“This extension takes Sea Explorer to the next level and complements Kuehne and Nagel’s intelligent sea freight offering; it is the smart platform for all liner services in container shipping,” says Otto Schacht, member of the Managing Board of Kuehne + Nagel International AG. “With powerful features, like comparing realistic lead times for direct services and an intuitive navigation, customers will be able to unlock new opportunities for their day-to-day operations.”

This marks the first time a platform provides full visibility on CO2 emissions across carrier and individual services, according to Schacht. “Also, in the light of the upcoming IMO 2020 regulations, this will enable shippers to contribute toward a green economy and sustainable global maritime transportation,” he adds. “Kuehne and Nagel leverages big data technology capabilities and information from the operational system to grant unique insights to sea transport options.”

Kuehne + Nagel’s innovative platform is a prime example of taking proactive measures to understanding market demands while tuning in to competitor strategies. These measures are critical to maintaining the competitive advantage while providing expert solutions.

Utilizing digitization–effectively and wisely–can determine how satisfied your customer base will be at the end of the day. Longevity serves as another benefit to digitization. No company wants to lose customers due to antiquated methods that create additional roadblocks. Digital solutions come with a priceless advantage: time savings.

Automation Changing the Pace for Shipping Operations

Recently, Avantida announced Maersk’s implementation offering Container Triangulation for the Canadian and U.S. platforms, enabling communication between dispatchers and planners almost instantly. The process of automation will take place on Avantida’s platform, providing an opportunity for the company to penetrate the market regions.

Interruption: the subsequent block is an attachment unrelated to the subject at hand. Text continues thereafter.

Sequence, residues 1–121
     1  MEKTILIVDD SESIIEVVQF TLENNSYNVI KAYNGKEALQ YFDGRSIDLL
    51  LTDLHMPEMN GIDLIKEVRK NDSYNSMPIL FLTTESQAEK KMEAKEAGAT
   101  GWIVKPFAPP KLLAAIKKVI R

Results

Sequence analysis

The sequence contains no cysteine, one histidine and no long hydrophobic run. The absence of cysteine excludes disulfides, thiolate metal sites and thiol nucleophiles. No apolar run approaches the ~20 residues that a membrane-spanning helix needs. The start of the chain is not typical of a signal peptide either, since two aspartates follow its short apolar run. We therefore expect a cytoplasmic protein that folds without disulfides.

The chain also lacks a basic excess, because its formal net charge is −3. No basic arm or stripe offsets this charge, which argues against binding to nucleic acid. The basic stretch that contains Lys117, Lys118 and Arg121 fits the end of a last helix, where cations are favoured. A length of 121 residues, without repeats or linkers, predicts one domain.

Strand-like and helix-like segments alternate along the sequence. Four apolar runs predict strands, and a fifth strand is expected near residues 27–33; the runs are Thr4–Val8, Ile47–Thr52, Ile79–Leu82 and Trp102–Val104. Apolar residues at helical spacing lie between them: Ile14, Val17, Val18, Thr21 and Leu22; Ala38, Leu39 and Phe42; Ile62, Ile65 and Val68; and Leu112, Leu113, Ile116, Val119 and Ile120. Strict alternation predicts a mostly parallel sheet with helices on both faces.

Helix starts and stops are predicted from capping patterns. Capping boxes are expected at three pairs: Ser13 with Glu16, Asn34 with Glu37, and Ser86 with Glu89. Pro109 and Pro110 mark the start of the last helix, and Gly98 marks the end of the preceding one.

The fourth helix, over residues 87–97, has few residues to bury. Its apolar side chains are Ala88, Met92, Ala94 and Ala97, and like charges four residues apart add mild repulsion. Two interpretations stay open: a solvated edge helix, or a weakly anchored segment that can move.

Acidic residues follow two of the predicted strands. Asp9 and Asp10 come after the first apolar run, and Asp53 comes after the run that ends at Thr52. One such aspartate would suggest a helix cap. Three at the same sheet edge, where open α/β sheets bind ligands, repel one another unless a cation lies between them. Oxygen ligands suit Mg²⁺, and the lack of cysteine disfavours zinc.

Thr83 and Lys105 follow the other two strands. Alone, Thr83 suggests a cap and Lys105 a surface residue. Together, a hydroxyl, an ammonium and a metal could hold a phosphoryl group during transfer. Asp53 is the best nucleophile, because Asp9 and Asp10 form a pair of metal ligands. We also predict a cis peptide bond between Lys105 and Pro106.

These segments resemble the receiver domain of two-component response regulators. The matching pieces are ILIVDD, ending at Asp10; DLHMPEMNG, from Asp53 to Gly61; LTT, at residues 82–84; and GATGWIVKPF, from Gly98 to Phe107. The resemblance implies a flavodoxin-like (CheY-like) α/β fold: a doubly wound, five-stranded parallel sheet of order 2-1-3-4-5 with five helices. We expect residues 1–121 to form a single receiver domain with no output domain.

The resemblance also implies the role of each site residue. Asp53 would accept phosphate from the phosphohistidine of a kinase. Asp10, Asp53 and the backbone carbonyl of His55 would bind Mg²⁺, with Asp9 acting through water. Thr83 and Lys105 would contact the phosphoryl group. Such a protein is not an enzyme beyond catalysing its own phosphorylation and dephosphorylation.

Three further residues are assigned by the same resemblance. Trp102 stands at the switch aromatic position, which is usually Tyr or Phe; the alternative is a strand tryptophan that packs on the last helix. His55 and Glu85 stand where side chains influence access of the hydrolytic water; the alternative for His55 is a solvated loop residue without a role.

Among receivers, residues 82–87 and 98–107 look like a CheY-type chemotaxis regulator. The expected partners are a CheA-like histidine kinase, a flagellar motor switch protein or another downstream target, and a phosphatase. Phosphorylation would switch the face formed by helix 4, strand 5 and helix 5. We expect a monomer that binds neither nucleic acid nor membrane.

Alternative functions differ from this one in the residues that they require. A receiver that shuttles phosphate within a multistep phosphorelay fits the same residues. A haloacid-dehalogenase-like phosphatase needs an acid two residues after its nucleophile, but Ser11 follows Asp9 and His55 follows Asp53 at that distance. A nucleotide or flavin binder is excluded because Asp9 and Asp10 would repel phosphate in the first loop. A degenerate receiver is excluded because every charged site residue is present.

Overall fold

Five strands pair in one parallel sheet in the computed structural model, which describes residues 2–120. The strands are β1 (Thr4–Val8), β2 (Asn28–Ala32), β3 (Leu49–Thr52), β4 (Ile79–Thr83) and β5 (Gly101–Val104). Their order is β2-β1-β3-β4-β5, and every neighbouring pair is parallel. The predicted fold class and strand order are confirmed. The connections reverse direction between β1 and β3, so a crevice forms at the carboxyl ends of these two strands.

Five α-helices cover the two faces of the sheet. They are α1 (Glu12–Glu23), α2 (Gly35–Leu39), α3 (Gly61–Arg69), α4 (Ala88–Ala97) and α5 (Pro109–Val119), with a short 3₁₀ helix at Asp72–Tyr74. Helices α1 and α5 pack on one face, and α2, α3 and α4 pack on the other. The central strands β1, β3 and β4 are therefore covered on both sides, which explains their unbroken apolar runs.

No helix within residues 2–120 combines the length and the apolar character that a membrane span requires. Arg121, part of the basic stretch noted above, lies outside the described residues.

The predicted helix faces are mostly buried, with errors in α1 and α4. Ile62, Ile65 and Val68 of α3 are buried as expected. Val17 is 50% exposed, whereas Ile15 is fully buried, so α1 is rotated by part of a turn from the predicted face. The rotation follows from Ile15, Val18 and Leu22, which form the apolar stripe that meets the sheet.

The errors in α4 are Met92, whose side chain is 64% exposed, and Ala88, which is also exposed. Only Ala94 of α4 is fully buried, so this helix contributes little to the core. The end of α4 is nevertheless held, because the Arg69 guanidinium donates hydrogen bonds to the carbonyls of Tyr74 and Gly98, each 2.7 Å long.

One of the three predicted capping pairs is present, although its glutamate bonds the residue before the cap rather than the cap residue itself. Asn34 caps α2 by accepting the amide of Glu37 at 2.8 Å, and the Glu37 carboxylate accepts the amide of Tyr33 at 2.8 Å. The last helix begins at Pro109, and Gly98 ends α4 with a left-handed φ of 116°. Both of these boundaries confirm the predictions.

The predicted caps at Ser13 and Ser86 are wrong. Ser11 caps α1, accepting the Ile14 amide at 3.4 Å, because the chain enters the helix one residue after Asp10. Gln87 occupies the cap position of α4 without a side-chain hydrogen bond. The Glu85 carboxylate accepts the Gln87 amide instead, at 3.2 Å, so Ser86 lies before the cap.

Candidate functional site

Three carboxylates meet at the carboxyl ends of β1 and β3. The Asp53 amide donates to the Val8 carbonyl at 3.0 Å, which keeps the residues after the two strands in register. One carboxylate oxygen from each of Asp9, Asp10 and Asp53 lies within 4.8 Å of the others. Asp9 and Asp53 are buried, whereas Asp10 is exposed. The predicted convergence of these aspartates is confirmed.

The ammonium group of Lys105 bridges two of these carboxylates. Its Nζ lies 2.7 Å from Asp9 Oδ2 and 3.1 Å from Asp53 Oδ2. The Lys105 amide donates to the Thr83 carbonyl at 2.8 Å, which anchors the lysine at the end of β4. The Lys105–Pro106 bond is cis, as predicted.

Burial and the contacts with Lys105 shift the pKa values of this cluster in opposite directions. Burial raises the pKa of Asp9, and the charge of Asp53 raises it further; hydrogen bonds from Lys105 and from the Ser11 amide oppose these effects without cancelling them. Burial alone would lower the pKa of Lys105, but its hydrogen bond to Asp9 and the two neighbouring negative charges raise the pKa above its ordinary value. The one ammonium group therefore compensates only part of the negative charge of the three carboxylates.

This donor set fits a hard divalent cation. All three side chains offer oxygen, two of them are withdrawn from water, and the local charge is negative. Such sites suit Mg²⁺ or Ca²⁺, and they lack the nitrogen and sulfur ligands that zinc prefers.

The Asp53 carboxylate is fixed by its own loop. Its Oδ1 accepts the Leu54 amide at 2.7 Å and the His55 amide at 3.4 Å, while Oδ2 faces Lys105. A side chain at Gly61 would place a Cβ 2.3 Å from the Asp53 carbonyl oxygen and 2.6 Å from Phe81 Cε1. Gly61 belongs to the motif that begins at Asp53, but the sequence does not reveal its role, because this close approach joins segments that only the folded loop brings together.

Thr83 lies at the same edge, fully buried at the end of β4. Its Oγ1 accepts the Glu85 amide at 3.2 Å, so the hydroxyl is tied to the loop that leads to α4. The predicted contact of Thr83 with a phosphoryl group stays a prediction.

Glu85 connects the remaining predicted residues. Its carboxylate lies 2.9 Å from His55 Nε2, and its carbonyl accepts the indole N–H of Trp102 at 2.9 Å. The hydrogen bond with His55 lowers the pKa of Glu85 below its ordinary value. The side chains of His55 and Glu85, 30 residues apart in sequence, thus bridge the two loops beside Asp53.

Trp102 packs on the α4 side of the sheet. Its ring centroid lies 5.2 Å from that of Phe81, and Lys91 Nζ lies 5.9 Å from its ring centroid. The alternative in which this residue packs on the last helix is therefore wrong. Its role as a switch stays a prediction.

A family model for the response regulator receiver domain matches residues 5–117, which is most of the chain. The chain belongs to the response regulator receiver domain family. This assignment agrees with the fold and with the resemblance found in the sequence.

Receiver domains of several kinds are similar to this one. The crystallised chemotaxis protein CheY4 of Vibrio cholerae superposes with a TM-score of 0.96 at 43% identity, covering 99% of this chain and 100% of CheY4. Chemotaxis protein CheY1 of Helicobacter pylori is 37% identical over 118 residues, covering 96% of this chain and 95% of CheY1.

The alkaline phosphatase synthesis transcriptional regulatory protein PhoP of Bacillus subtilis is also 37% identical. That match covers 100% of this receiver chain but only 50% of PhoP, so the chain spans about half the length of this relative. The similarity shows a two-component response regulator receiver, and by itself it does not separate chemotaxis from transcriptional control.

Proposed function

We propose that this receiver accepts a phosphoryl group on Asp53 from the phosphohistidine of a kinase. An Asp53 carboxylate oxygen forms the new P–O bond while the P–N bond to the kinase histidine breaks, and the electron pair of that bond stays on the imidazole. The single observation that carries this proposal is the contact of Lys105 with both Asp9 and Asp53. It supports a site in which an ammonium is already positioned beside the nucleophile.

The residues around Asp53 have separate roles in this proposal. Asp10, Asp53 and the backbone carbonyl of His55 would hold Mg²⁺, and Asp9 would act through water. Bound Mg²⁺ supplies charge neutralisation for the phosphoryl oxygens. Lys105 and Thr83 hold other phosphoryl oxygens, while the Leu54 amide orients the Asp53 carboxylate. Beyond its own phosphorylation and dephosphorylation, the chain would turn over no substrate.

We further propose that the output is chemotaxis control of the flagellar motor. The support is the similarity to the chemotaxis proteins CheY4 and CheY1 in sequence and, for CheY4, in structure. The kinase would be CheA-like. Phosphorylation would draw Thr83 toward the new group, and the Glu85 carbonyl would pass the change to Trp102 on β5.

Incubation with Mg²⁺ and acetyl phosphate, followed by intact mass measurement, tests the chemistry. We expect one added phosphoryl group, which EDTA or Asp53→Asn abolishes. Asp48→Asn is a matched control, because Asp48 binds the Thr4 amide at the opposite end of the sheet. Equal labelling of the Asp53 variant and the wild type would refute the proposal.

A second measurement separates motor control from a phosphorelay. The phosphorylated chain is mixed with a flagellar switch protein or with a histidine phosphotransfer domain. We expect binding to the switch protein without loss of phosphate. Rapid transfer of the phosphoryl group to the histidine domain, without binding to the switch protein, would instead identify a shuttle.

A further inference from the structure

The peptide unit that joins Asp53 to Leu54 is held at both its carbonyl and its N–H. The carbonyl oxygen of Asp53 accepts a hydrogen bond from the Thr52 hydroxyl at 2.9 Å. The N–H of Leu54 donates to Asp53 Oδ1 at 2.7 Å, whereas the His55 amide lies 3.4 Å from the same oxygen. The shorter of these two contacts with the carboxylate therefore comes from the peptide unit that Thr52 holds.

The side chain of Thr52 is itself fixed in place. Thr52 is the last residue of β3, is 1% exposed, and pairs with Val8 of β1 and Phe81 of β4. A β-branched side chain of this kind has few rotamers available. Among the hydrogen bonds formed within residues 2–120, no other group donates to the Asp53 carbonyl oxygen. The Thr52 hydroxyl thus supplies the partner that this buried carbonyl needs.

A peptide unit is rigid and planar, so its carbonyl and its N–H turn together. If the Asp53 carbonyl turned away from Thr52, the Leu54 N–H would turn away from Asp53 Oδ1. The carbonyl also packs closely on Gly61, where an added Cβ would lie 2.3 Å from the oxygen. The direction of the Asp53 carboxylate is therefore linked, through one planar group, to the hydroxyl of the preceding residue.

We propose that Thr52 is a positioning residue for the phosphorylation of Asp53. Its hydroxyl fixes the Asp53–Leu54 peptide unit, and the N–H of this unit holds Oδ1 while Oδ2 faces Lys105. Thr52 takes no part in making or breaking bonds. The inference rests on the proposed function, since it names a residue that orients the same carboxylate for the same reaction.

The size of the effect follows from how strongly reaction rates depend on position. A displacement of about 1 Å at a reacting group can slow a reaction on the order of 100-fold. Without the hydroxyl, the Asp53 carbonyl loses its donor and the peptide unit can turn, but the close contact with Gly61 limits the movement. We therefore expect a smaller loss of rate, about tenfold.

“Both shipping lines and transporters continue to look for agile, cost-saving tools that can optimize their planning, and our platform has a proven track record of improving efficiency,” said Luc De Clerck, CEO, Avantida. “The platform has changed the way shipping lines in Europe are doing business, and after our launch in Mexico, it was a natural next step to introduce Avantida to the United States and Canada.”

Another example of how digitization is changing the pace of the market expansion is seen in the recent announcement from the digital freight forwarder, Twill. The company confirmed efforts to expand its 19-country network to the Nordic regions through operations in Denmark and Sweden, where they are being welcomed with open arms primarily because of the digital solutions platform providing customers increased visibility into each step of the process. More importantly, Twill’s online platform is applauded for the ability to co-create with its customer base. This unique feature is what sets the company apart, creating a hefty competitive advantage.

“The world is already becoming more and more digital around us, and with Twill we are challenging the fundamentals and changing perceptions in the freight forwarding industry,” says Ricco Poulsen, chief operating officer for Nordics and Eastern Europe at Damco said. “We want to be the market leader in digital solutions and our investment in this area will bring significant benefits to our small and medium customers, old and new. There are a number of ways in which Twill will continue to develop and support customers over the coming months, and we look forward to playing our part in that.”

Before understanding the impact that digitization solutions bring to the market, company leaders must first understand the core of digitization is rooted in customer demands. Without fully understanding what the customer’s needs and demands are, it can be a challenge selecting which tech solution will meet both customer and company needs, all while creating a competitive advantage and staying ahead of compliance.

Ocean Logistics 2019: Digitization Continues to Lead Trends